What is a Plan Change

A plan change is a change to a District Plan, which is a public process requiring research, evaluation and consultation. A plan change can be initiated by us or by members of the public (private plan change). Examples of possible plan changes include:

  • Rezoning of land. 
  • Addition of a building to the schedule of heritage buildings. 
  • Amendments to rules.

Why do councils undertake plan changes? 

The RMA requires the provisions in the District Plan to be reviewed every 10 years. However, it is best practice for the District Plan to be subject to ongoing monitoring and review. We actively monitor the effectiveness of the District Plan and will regularly initiate plan changes to respond to emerging issues.

What does the plan change process involve? 

The RMA outlines the plan change process that we are required to follow. Consultation and community involvement, including pre-consultation, notification, submission and hearing processes, are important steps in the plan change process.

What are the steps in the plan change process?

  1. Initial issue identification and pre-consultation process. 
  2. Plan change and section 32 report assessing costs and benefits produced.
  3. Plan change and section 32 approved by the Council for public notification.
  4. Public notified for submissions (20 working days).
  5. Public notification of summary of submissions for further submissions (10 working days).
  6. Hearings.
  7. Public notification of decisions.
  8. Appeals (30 working days to lodge). 
  9. Plan change is operative.

This whole process can take up to two years. During this time there is ongoing monitoring and review.

What do I need to know about the plan change process?

  • In most cases we will consult those affected before notifying a plan change. The level of consultation required will depend on the nature of the plan change.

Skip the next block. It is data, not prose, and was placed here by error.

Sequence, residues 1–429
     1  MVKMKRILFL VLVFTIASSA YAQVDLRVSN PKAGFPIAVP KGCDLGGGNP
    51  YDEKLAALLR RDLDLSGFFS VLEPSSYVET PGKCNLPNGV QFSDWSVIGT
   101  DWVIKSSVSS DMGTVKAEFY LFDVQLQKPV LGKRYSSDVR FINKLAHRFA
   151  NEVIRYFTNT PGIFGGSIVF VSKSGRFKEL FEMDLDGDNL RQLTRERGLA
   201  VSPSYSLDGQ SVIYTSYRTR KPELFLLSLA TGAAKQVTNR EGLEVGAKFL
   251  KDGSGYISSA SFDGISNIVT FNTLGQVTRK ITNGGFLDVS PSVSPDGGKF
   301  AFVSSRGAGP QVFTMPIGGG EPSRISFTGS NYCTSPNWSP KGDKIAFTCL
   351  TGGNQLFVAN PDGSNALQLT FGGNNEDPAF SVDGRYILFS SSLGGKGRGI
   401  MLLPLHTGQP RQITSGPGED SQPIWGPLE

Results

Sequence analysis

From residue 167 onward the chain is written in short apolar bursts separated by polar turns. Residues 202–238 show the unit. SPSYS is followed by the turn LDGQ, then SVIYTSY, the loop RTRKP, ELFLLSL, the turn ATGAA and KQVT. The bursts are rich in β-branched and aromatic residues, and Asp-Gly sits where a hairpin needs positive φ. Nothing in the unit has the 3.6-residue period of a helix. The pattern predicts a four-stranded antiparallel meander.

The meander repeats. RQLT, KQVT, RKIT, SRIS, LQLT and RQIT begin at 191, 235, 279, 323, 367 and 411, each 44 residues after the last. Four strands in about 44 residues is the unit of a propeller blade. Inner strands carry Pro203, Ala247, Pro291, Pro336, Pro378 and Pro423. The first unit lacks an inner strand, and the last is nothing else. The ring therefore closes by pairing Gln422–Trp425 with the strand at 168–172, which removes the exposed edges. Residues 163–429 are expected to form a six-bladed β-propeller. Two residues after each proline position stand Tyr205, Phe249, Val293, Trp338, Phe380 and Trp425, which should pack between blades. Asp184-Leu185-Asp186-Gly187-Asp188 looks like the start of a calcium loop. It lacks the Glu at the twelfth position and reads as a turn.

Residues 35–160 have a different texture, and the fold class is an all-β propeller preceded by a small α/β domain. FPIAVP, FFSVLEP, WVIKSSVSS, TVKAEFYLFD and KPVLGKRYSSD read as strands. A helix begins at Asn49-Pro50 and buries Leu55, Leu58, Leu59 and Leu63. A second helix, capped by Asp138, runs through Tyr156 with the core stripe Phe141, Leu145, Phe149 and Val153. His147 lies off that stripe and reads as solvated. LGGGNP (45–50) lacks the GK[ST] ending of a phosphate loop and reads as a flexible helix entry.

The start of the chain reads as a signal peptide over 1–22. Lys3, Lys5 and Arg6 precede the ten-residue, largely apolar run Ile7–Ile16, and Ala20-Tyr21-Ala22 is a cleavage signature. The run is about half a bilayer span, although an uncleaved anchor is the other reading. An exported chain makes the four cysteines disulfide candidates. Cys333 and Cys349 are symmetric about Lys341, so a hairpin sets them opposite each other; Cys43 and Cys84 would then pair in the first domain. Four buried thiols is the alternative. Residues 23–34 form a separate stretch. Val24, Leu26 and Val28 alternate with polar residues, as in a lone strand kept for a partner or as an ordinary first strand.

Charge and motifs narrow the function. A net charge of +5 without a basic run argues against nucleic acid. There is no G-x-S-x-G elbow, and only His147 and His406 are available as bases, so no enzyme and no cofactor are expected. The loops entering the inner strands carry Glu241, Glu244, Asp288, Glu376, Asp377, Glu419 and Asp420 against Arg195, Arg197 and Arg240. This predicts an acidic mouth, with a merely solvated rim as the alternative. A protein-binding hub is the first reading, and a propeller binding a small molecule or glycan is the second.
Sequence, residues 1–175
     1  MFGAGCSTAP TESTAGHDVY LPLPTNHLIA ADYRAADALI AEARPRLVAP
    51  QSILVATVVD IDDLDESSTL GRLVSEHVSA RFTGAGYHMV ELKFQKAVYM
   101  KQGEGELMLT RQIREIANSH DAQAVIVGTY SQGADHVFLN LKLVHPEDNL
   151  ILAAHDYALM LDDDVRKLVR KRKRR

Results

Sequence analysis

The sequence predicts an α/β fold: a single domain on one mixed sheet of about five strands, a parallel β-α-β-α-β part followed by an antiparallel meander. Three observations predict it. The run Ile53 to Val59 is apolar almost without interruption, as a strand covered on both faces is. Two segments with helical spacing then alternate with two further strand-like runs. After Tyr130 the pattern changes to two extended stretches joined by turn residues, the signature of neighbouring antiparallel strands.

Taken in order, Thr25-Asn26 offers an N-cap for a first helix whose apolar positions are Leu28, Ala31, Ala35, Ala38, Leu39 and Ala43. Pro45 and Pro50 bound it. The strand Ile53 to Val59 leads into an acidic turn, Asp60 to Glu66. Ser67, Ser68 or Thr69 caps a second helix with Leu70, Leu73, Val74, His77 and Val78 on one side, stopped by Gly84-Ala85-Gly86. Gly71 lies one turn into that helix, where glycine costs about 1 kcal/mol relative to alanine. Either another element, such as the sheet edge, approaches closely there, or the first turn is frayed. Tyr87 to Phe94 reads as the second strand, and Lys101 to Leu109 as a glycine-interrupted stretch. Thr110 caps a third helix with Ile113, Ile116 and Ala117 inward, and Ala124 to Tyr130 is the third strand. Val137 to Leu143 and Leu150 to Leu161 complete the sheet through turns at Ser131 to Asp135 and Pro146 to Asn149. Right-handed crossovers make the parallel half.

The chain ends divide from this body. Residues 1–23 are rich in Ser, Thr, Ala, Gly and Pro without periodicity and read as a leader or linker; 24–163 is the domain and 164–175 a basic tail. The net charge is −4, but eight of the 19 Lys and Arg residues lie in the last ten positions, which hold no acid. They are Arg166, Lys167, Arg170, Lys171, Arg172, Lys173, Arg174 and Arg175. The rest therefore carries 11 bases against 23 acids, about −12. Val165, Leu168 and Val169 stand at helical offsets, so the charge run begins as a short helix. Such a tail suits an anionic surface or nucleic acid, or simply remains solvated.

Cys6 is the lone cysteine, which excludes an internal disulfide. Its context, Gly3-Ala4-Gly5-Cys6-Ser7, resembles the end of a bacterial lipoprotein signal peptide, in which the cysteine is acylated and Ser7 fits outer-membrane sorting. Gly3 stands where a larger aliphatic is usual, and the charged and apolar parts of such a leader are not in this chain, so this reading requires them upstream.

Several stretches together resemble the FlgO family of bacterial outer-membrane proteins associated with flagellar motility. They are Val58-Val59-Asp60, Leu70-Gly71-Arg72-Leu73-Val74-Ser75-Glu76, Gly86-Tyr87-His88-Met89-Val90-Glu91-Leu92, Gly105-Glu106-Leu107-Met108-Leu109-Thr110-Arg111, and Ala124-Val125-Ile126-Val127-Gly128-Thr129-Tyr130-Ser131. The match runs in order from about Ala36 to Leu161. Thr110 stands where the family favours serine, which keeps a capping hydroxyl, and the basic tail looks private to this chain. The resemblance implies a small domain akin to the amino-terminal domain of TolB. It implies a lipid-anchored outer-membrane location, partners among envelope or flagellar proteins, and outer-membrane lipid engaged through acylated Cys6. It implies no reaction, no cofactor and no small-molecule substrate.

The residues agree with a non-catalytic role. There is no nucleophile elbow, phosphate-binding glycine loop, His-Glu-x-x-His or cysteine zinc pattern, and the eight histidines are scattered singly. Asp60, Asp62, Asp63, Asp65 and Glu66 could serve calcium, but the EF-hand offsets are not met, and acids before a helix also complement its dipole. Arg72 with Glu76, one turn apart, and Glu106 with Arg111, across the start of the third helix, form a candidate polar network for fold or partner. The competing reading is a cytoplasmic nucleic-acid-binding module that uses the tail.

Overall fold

• We will produce a plan change document that includes an explanation of the proposed changes and a section 32 report which considers the appropriateness of the plan change and assesses the costs and benefits of the environmental, economic, social and cultural effects anticipated from the plan change. 
  • When a plan change is notified any member of the public may make a submission in writing on the prescribed form (form 5) and explain why they support or oppose the plan change. Submissions are called for over a period of at least 20 working days. 
  • Once all submissions are received they are summarised and notified. Certain people can make further submissions in writing on the prescribed form (form 6).  Further submissions cannot identify new issues, but can support or oppose the contents of original submissions. Further submissions are called for over a period of at least 10 working days. The following people can make further submissions:
  • The Council will then hold a hearing, if required, so submitters may verbally present their submissions. After the hearing the Council then makes a decision to accept or reject each submission received in whole or in part. The Council will then publicly notify its decision. 
  • A submitter can appeal the Council decision to the Environment Court within 30 working days. If you are considering lodging an appeal on a plan change it is recommended that you obtain independent legal advice.

Plan Changes and Legal Effect

Prior to the RMA Amendment Act 2009 all proposed plan changes had legal effect from the date of public notification.

As from 1 October 2009 the legal effect of the rules of proposed Plan Changes are now subject to sections 86A to 86G of the RMA.

The status of legal effect of the rules of proposed Plan Changes is stated on the individual plan change pages, and the Plan Changes and Private Plan Changes page.

In addition to the existing rules within the District Plan, resource consent (including subdivision) must be applied for activities that trigger rules with legal effect within proposed Plan Changes, in addition to the existing rules within the District Plan.

What should I think about when making a submission?

The following tips are useful when making submissions.  Ensure that you use the appropriate form provided (form 5 or 6) and: 

  • Make clear and easy to read points. 
  • Include your contact details. 
  • Identify whether you wish to speak at the hearing or not.
  • Identify if you support or oppose the plan change. 
  • Detail the specific part of the District Plan your submission is about.

Your submission should not include any issues not relevant to the plan change as these will not be able to be considered by the Council when making its decision. Please note your submission, including your personal information, will be publicly available as part of the Council’s decision-making process.